Nancy Combs-Morgan has worked tirelessly to support religious educators across our Region. Leading startup workshops and providing continuing support and training for them, and for youth advisors, is a huge part of her work. Having extra money allows her to do this for more of the dedicated leaders who serve our children, youth and young adults.
For my part, the extra money allowed me to attend several different continuing education and training events on stewardship and generosity. When I lead workshops for congregational teams, most of my travel costs are covered, which reduces the cost for participants.
Contributions from Friends of the Region have also allowed us to be part of the Midwest Leadership Schools for both Youth and Adults every summer.
So if your congregation has benefitted from any of the above activities, please consider making a donation to our Friends of MidAmerica program. You can make the check out to MidAmerica Region, with "Friends" in the memo line and send to us at 2355 Fairview Ave. N. #312, Roseville, MN 55113. You can also make a donation online by going to: https://midamericauua.org/programs/friends-of-midamerica.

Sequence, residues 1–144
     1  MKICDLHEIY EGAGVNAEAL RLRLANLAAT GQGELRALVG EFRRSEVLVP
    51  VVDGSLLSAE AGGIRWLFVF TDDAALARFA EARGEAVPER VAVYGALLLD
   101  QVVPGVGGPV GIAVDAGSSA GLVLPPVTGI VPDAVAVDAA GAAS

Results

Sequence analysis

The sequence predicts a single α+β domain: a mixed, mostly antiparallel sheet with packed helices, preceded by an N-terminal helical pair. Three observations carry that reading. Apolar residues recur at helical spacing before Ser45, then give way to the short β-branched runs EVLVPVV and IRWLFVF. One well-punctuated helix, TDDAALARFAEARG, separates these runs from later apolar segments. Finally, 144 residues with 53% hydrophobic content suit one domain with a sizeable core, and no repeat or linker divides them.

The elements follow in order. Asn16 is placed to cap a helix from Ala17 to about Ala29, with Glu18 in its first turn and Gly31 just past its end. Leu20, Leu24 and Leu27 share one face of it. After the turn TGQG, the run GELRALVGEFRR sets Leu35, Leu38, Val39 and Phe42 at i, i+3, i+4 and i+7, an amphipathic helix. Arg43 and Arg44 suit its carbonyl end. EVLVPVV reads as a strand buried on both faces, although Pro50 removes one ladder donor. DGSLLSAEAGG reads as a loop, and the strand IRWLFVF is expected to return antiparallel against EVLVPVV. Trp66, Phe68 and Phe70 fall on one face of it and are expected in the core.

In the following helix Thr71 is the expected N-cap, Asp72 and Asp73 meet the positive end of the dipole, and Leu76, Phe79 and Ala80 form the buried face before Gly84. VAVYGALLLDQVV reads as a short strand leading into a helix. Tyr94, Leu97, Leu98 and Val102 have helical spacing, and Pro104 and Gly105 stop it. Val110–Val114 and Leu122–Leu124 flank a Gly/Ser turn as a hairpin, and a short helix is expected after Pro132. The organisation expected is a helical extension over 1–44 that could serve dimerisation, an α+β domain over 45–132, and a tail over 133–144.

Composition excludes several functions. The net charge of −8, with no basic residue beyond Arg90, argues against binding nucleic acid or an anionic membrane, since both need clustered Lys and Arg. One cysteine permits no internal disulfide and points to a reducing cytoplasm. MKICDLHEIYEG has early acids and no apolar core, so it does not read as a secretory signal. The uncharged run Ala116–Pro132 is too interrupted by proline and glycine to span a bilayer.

If you can't make it to General Assembly (GA) in Columbus, Ohio this year, consider registering as an off-site participant.
In addition to watching all the events in the session hall -- like the Ware Lecture, the Service of the Living Tradition, and the banner parade, which are available to the public -- you'll be able to participate in 8 workshops via video and live chat and watch video of an additional 20 workshops.
You can also be an off-site delegate for your congregation. Off-site delegates can watch, speak in, and vote in all business sessions including mini-assemblies.
Don't miss GA just because you can't make it to Columbus! Register on the UUA website, and learn how to show GA video in your congregation!
If you are going to be in Columbus, Ohio for General Assembly June 22-26, 2016, please join members of your MidAmerica board and staff for the official MidAmerica Ingathering, on Wednesday June 22 from 6:30 pm-7:15 pm Eastern Time in Union Station Ballroom C.
It's a great way to start your GA experience!